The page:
September 16,2022


I want to share with you some recent “snapshots” of the community through our lens here at The Village. One of the aspects of advocacy is to understand, with humanity and compassion, the struggles of our people and give voice to their experiences, in hopes both of fostering support and also affecting public policy changes.

In the past 14 days, we have had 350 patrons “purchasing” your donated items with their 20 points and 70 people accessing food from our food pantry. These numbers do not include the folks who just come in to browse or be present, only the community members who receive items or food.

We have had a Choices for Change team member on site on Tuesdays, for folks to chat with if they feel to, in a familiar and comfortable space. Consistent visibility within the community, of resources to support those navigating substance use, is very important. The dialogue around substance dependency in our communities needs to change.

We are seeing a large uptick in migrant workers, accessing clothing, footwear, outerwear and basic household items and food. We are grateful to provide a space where these community members can feel supported and welcomed.

We are seeing more kids coming in to “purchase” clothing for themselves. I feel deeply moved when I see this, both so pleased that kids know they can come and shop for clothes for themselves and also a bit of a sadness in understanding how poverty affects our community’s kids in so many ways. It does something to us when we see a kiddo or teen find sweet shoes or hoodies etc, that would be otherwise out of reach for so many.

A community member came in recently and expressed they had just been laid off. Someone told them to come to The Village because they were broke and needed some food and their footwear was in really bad condition. We didn’t have any foot wear that fit and so we assisted with one of the Walmart cards you have donated, for a small denomination, so he could get shoes. We discussed other food bank resources in the community and they had already been for this month. They took food from the pantry and the gift card for shoes and we encouraged them to come again. This is an increasingly common scenario. Many people cannot stay one step ahead of a crisis in our communities, even if that crisis is buying footwear, needing some food or being laid off..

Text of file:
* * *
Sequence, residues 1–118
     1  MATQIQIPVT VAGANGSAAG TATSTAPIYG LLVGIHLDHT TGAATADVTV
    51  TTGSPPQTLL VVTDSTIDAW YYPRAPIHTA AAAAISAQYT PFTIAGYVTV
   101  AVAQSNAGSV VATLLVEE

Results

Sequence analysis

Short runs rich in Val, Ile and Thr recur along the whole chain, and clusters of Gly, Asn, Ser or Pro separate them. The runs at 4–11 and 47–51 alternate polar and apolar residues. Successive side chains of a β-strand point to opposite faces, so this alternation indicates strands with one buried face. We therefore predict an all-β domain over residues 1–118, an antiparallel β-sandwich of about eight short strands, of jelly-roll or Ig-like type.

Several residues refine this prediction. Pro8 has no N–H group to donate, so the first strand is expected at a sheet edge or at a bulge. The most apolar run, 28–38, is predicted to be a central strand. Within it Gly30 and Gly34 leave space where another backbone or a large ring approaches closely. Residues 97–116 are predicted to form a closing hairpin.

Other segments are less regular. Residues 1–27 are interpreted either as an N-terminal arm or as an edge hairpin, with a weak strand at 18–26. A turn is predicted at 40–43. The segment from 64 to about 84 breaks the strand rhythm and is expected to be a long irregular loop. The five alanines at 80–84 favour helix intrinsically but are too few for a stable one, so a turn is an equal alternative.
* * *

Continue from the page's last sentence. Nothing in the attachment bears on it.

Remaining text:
I had a visit in my office from a longtime community member who lives with domestic violence, substance dependency/management and gets up to live another day, every day. They see how important the word “inclusion” is in the work to help people be strong and healthy in our communities. I am grateful for our talks. We discussed their concern for some women in our community, who may be exploited because of addiction and vulnerability and even potentially trafficked. As they spoke I listened, grateful for their strength to keep watch of our most vulnerable. These situations are not uncommon. And people exploiting others is most certainly not a big city problem. Keeping dialogues non judgmental and open and spaces safe to share concerns is so important.

Our Community Access Market is seeing many community members come and get fresh produce and/or just sit and be present. Recently we tallied about 40 people on one Saturday. Many folks are generous and give a little extra when paying, to purchase a $5 button, which someone else can then use as payment. We have had many great conversations about things like how to make stew or a pot of soup, what leeks are used for, things people use cabbage for and how jalapeno peppers have bite!

We have more dads coming in for diapers and formula. We are grateful they come in and get supplies, as we know it is one less thing to stress about.

I hope this helps to offering some glimpses as to some of the experiences our community members are navigating. Poverty and mental health are such huge weights for folks and affect almost every facet of one’s well being. Age notwithstanding.

Take good care of eachother, friends
Andrea Charest

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